Goshen News, Goshen, IN

Life

December 14, 2013

GLOBAL FAITHS: Buddhism didn't last in India

India saw the rise of a great emperor of the Maurya dynasty about 269 B.C.E. At his birth his queen mother named him Ashoka, meaning “free from sorrow,” to indicate her freedom from sorrow at now having borne the king a son.

At his father’s death, Ashoka killed or otherwise eliminated rival contenders for the throne. Then, having established himself in power, he launched a bloody war of conquest against a reputedly democratic Kalinga people in Eastern India. The conquest left 100,000 people dead and 150,000 deported. At the end of his conquests Ashoka is said to have ruled all of India from Afghanistan to Assam.

Surveying the battlefield after the war, Ashoka is reputed to have felt sorrow over the suffering caused by this war. In one of his inscriptions he says, “His Majesty feels remorse on account of the conquest of Kalinga because, during the subjugation of a previously unconquered country, slaughter, death, and taking away captive of the people necessarily occur, whereat his Majesty feels profound sorrow and regret.” Ashoka did not, however, give back the Kalinga people their independence, indicating that his public statements likely contained the kind of spin government statements all too often use.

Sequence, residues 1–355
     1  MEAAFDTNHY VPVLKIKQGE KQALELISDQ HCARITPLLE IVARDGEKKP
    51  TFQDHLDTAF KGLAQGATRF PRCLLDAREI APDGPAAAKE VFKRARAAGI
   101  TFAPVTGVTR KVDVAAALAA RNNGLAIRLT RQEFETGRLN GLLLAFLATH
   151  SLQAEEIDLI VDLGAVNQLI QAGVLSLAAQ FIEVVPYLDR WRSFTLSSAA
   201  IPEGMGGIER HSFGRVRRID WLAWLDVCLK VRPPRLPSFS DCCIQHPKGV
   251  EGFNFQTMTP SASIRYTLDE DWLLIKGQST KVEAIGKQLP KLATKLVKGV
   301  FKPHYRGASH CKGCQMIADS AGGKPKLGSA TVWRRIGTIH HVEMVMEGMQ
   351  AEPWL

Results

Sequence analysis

Historians say that after this conquest and about six years into his reign, Ashoka began to convert to Buddhism. It was some two and a half centuries after the time of the Buddha, and it may well be that Buddhist monastic communities impressed him with their alternative ethic. And so Ashoka began supporting monasteries and building monuments over relics of the Buddha. He sent a daughter and son to establish Buddhism in Sri Lanka. He helped organize the Third Buddhist Council around 250 B.C.E. Maybe most important, he set up pillar and rock inscriptions across his empire, 33 of which have been found and deciphered.

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